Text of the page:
Proximity to power made Reed acutely aware of the shortages and deprivations faced by the troops in the Continental Army. Soldiers often failed to receive their pay. In fact, they even often lacked basic amenities to keep them healthy, such as good shoes, warm blankets, or clean clothes. Soon after the birth of her sixth child, Reed herself decided to take action. On June 10, 1780, she issued a broadside called “The Sentiments of an American Woman,” which challenged other women to renew their commitment to American patriotism and do something “really useful” for the American cause. Because women as well as men were “born for liberty,” women, she said, must “be engaged to offer the homage of our gratitude at the altar of military valour . . . [so that] the irons with which they are loaded, receive with a free hand our offering, the purest which can be presented to your virtue.”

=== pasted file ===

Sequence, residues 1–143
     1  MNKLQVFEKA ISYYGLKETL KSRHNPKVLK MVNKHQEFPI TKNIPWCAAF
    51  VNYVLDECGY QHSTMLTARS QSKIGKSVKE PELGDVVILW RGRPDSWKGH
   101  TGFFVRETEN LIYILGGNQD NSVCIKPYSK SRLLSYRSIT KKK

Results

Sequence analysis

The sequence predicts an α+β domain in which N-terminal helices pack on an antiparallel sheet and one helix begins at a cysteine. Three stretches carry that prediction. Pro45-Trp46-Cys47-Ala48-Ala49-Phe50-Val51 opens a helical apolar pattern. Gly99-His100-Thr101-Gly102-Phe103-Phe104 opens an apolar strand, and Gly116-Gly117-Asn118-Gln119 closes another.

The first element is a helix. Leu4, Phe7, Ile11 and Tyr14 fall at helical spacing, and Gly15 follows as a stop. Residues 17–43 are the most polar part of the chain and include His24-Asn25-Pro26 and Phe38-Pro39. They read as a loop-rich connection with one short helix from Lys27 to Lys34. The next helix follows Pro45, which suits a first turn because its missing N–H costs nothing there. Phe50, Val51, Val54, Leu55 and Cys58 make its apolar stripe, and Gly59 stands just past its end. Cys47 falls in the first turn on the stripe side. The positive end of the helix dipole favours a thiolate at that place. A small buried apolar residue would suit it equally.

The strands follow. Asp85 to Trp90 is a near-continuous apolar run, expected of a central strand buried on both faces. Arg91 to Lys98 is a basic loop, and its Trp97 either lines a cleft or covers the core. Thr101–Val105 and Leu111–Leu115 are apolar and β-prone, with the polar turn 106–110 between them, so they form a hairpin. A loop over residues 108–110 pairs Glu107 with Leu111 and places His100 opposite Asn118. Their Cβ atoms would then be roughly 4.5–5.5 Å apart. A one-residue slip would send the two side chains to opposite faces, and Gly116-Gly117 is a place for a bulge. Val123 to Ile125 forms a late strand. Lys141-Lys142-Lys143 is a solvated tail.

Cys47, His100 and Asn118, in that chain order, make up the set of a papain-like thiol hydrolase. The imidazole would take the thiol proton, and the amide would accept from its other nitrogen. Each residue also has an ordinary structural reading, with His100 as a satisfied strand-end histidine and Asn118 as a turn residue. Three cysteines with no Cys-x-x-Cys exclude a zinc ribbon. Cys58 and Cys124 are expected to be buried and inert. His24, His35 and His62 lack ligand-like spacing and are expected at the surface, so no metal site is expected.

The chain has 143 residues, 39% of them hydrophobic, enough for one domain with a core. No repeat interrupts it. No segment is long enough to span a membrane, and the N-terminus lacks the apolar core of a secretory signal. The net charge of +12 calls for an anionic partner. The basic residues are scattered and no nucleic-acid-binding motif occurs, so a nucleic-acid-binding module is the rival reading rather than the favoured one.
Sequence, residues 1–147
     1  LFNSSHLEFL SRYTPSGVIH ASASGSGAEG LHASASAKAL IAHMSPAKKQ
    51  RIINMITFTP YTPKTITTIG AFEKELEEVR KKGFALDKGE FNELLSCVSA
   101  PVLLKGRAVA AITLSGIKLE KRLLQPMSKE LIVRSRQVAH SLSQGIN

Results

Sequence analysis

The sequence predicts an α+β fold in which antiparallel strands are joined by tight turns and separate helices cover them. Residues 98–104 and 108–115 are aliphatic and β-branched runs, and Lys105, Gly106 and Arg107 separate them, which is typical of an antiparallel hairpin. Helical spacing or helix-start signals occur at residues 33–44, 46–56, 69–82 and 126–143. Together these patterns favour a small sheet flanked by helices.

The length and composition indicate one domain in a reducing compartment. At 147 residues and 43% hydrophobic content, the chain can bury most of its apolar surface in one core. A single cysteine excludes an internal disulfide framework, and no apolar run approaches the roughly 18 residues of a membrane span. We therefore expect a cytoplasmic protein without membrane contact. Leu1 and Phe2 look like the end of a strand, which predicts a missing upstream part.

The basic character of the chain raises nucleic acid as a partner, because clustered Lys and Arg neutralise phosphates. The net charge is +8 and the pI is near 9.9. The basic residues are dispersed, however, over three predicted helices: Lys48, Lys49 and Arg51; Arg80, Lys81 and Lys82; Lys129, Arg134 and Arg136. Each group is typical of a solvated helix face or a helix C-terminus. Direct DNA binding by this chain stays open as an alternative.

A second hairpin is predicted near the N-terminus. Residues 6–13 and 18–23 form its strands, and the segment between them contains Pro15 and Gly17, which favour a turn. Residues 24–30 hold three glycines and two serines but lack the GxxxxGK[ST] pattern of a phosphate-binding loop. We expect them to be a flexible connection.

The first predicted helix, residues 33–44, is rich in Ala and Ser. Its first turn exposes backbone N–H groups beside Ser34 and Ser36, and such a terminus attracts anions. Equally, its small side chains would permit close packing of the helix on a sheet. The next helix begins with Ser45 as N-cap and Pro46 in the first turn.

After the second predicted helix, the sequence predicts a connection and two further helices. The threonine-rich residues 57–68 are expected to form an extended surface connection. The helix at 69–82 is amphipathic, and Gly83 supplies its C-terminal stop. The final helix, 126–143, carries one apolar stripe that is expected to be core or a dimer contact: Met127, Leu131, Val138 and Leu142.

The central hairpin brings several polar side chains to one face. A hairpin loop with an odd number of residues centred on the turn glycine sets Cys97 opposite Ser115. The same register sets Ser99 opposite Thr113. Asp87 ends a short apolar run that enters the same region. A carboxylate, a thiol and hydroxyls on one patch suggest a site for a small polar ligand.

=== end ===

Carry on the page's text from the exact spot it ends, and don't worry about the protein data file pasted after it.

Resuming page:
Within days, Philadelphia women devised a scheme that was shocking in its simplicity but bold in its conception. Dividing the city into districts, the women fanned out in pairs, knocking on doors, and requesting monetary contributions for the support of the Continental Army. Within a short time, the “Ladies Association of Philadelphia,” as it was called, raised over $300,000 in paper currency from over 1600 donors. Similar female organizations emerged in New Jersey, Maryland, and Virginia. Martha Washington and Martha Randolph Jefferson even contributed to the campaign—though they themselves did not knock on doors.